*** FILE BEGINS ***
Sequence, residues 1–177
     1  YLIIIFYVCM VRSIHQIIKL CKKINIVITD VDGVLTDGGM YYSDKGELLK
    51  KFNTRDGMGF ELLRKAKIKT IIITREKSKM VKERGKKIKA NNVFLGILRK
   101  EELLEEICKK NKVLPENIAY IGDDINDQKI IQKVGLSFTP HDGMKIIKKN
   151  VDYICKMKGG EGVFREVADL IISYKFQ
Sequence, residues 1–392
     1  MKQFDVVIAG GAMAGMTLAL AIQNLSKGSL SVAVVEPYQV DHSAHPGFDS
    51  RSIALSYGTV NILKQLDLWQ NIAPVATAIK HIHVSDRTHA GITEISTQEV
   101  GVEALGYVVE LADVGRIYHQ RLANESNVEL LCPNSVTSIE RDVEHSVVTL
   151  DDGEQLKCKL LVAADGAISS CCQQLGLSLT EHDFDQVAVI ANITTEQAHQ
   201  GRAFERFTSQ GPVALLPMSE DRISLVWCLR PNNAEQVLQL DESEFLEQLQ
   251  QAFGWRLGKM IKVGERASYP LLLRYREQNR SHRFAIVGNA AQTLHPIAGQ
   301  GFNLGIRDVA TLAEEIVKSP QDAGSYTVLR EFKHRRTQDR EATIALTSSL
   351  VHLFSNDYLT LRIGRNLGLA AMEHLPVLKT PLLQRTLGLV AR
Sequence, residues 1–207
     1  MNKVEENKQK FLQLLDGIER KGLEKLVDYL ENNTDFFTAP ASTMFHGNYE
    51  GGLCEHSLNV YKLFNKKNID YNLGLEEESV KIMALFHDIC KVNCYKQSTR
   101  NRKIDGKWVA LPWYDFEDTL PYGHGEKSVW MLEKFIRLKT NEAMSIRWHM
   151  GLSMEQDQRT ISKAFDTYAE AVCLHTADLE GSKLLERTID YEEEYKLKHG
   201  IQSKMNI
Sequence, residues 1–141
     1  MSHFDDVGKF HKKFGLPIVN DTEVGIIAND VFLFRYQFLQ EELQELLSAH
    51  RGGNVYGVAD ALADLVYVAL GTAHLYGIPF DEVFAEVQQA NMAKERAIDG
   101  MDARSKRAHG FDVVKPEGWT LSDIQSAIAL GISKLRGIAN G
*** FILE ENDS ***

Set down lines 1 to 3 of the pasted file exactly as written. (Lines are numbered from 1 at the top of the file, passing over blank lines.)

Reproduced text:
Sequence, residues 1–177
     1  YLIIIFYVCM VRSIHQIIKL CKKINIVITD VDGVLTDGGM YYSDKGELLK
    51  KFNTRDGMGF ELLRKAKIKT IIITREKSKM VKERGKKIKA NNVFLGILRK